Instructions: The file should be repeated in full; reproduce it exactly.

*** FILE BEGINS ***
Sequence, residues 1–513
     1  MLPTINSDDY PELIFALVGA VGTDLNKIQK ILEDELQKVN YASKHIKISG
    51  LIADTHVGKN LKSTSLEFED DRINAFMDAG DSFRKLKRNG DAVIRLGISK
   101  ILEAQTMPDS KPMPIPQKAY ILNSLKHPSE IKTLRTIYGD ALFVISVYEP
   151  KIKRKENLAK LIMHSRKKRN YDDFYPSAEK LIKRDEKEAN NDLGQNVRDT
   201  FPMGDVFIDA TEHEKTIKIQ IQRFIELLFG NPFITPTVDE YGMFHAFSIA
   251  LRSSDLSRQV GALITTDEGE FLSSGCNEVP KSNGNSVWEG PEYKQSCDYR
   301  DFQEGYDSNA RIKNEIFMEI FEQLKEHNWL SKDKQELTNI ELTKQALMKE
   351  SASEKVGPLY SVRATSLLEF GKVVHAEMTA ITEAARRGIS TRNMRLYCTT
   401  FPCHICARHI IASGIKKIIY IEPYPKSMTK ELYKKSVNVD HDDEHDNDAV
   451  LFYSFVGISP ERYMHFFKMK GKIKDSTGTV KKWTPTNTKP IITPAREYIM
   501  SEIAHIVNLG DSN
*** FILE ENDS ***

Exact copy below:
Sequence, residues 1–513
     1  MLPTINSDDY PELIFALVGA VGTDLNKIQK ILEDELQKVN YASKHIKISG
    51  LIADTHVGKN LKSTSLEFED DRINAFMDAG DSFRKLKRNG DAVIRLGISK
   101  ILEAQTMPDS KPMPIPQKAY ILNSLKHPSE IKTLRTIYGD ALFVISVYEP
   151  KIKRKENLAK LIMHSRKKRN YDDFYPSAEK LIKRDEKEAN NDLGQNVRDT
   201  FPMGDVFIDA TEHEKTIKIQ IQRFIELLFG NPFITPTVDE YGMFHAFSIA
   251  LRSSDLSRQV GALITTDEGE FLSSGCNEVP KSNGNSVWEG PEYKQSCDYR
   301  DFQEGYDSNA RIKNEIFMEI FEQLKEHNWL SKDKQELTNI ELTKQALMKE
   351  SASEKVGPLY SVRATSLLEF GKVVHAEMTA ITEAARRGIS TRNMRLYCTT
   401  FPCHICARHI IASGIKKIIY IEPYPKSMTK ELYKKSVNVD HDDEHDNDAV
   451  LFYSFVGISP ERYMHFFKMK GKIKDSTGTV KKWTPTNTKP IITPAREYIM
   501  SEIAHIVNLG DSN